COMM 461
Spring 2015


Course Policies

Participation and Attendance

Participation in this course, and therefore attendance, are important. Let me convince you of this with multiple approaches.

Let me start by appealing to your intelligence. Attendance is more important in this class than some others because of three facts. First, material on the exams will not all come from the readings. You are responsible for material from lecture. Second, exams require understanding beyond information, and notes only record information. Although some portion of the exams will test your mastery of information, a large portion of the exam will go beyond information to require that you are able to talk intelligently about the speeches you have studied. To do this, you must acquire an ear and a voice for speeches in historical moments. Written notes cannot capture nor communicate that. Third, the only way to master the analysis of discourse is to articulate your analysis and the class will provide you that opportunity. You will need to aggressively take advantage of it. So, if you are in the "attendance optional" school of studenting, drop this course for another.

Statistically, they are correct. Over the last three times this course has been taught the GPA in the course for those with 3 or fewer absences was 3.42; for those with > 9 absences was 2.00. That is, of course, the difference between an "A" and a "C." Fully 94% of students with 3 or fewer absences received an A or B in course. If you need further proof attendance matters consider the following: average absences for those receiving an “A” in the course is 1.47; “B” is 3.94; “C” is 6.44. Nothing correlates with the grade in this course as much as attendance. So, there is a fairly simple way to improve your chances for a good grade. Your attendance does not assure an "A" but it will help you learn the material for the course more thoroughly because of the repetition that is a part of class discussion.

I will be taking attendance. My major purpose in doing so is to collect data that – along with test responses – help me identify problems mastering the class.

Of course, I spoke of participation, not just attendance. Being involved in the class, asking questions, and trying out your ideas is what participation in the class is about. You will master those aspects of the course that go beyond the acquisition of information with participation.

If I sound like your attendance is important to me, it is. I will put a great deal of effort into teaching this class and expect your effort in return. Other instructors may not care as much and may have developed methods of teaching that do not depend on attendance. Find those instructors if they fit your lifestyle better than mine.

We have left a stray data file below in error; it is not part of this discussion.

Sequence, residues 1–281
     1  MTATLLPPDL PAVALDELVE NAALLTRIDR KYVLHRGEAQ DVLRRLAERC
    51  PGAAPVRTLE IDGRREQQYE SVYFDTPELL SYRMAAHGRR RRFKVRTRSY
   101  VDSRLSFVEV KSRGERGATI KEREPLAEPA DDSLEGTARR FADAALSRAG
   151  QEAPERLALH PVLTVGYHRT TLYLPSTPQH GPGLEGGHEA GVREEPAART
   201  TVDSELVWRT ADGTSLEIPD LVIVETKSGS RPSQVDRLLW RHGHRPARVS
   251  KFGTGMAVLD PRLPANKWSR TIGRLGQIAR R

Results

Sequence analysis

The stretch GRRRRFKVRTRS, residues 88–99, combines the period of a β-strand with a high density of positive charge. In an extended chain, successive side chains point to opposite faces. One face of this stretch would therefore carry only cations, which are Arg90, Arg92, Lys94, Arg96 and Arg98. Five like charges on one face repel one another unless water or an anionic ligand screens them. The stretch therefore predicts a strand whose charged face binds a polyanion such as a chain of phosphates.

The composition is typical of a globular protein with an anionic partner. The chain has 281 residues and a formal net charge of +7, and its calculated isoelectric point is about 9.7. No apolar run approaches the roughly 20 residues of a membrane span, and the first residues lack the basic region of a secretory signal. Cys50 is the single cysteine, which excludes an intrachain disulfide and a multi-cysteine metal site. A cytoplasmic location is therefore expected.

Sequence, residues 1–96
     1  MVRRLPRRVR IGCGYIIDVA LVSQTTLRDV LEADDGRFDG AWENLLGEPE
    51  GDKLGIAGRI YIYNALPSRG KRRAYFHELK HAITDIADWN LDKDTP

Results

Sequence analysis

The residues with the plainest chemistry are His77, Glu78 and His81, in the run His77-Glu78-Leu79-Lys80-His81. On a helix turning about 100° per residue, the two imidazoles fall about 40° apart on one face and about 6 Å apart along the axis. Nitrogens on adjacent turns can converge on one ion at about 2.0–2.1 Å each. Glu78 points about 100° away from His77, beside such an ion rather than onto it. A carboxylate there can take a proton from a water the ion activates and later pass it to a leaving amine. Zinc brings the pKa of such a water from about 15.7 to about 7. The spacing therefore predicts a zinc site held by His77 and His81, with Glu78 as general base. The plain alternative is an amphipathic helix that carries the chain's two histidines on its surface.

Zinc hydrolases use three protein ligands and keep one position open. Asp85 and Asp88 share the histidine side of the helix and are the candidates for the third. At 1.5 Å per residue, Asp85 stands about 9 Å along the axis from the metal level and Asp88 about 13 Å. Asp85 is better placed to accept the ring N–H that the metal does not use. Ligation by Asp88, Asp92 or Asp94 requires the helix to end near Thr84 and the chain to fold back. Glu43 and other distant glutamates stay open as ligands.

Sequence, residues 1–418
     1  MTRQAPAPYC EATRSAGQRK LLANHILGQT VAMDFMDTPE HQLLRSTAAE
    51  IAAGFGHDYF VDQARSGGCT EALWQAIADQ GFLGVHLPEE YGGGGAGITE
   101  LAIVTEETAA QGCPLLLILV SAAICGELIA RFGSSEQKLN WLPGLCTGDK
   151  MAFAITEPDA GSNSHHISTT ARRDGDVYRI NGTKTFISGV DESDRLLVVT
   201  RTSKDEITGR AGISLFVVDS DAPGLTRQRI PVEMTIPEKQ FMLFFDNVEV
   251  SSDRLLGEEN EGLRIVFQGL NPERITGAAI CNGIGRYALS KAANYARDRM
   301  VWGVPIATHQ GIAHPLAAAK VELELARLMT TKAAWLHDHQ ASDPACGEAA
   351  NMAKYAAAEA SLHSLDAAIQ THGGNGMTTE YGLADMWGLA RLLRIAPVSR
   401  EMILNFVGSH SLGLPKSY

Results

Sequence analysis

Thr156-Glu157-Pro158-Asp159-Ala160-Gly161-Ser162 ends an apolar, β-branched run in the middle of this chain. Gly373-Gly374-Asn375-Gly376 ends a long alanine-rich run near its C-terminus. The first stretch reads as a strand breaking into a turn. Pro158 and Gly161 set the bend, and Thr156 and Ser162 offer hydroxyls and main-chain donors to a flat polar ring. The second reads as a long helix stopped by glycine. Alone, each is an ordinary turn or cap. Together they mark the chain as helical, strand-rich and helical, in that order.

Remember, you are not graded on attendance, but attendance does affect what you learn and therefore your grade for the course. So, if you are in the "attendance optional" school of studenting, drop this course for another.

Requesting an "excused absence"

The university has a set of defined procedures for obtaining an excused absence designed to ensure fairness to all students. I abide by these procedures as adapted for the special circumstances of this course.

  • On normal class days. No excused absences are required.

  • Days abstracts are due. Since the abstracts are primarily designed to assist in your preparation for discussion that by its nature cannot be made up after an absence, and since documenting absences as the University requires for make-up of these abstracts is too complicated for the value of the assignment, I will use an alternative: I will collect abstracts seven times during the semester (grading your best five). Abstracts not handed in when I collect them cannot be made up. If you prefer the documentation requirement to this method of make-up (with only five collected), please notify me within the first week of class.

  • For "Major Scheduled Grading Events." On days when exams are given, papers due, or you are responsible for an undergraduate unit assignment, you will need to request an excused absence. University policy requires that you do so in writing and "provide documentary support for [your] assertion that absence resulted from one of the [approved] causes" (emphasis added). There are thus several obligations if you are going to be absent. (1) Notify me as soon as feasible of your upcoming or recent absence and provide documentation for the reason. I am serious about prompt notification. In general you should notify me before your absence. When that is not possible, you need to notify me as soon as you are near a telephone or email. I have voice mail and email that provides a timestamped documentation of your notification. (2) You need to request the make-up (an excused absence) in writing specifying the reason for your absence. The university has a limited number of legitimate reasons for absence and these are the only ones I accept. (3) You must document the validity of the reason you have provided for the absence. Such documentation must be signed by a person who testifies to the reason, and should contain information on contacting (phone or email) someone who can verify the reason.

  • On days your group is responsible for discussion. On these days, there is no way to compensate for an absence since that is the day you have prepared to be a lead participant in discussion. If you receive an excused absence on such days (all procedures described under examination for documenting the reason for your absence are required), there are potentially two options: you may hand in your bibliography on the unit and take an "F" on the portion of the assignment requiring your contribution to class discussion, or we may be able to negotiate your participation on another unit requiring you to do a bibliography on the alternative unit.

Disabilities and Religious Observances

The University of Maryland accommodates students whose academic work would be facilitated by disability support services and recognizes the rights of students to exercise their religious rites. I ask only that you notify me during the first week of classes if you have concerns in either of these areas and require that I accommodate your needs in any way including alteration in the due date or manor of completing assignments.

On Academic Dishonesty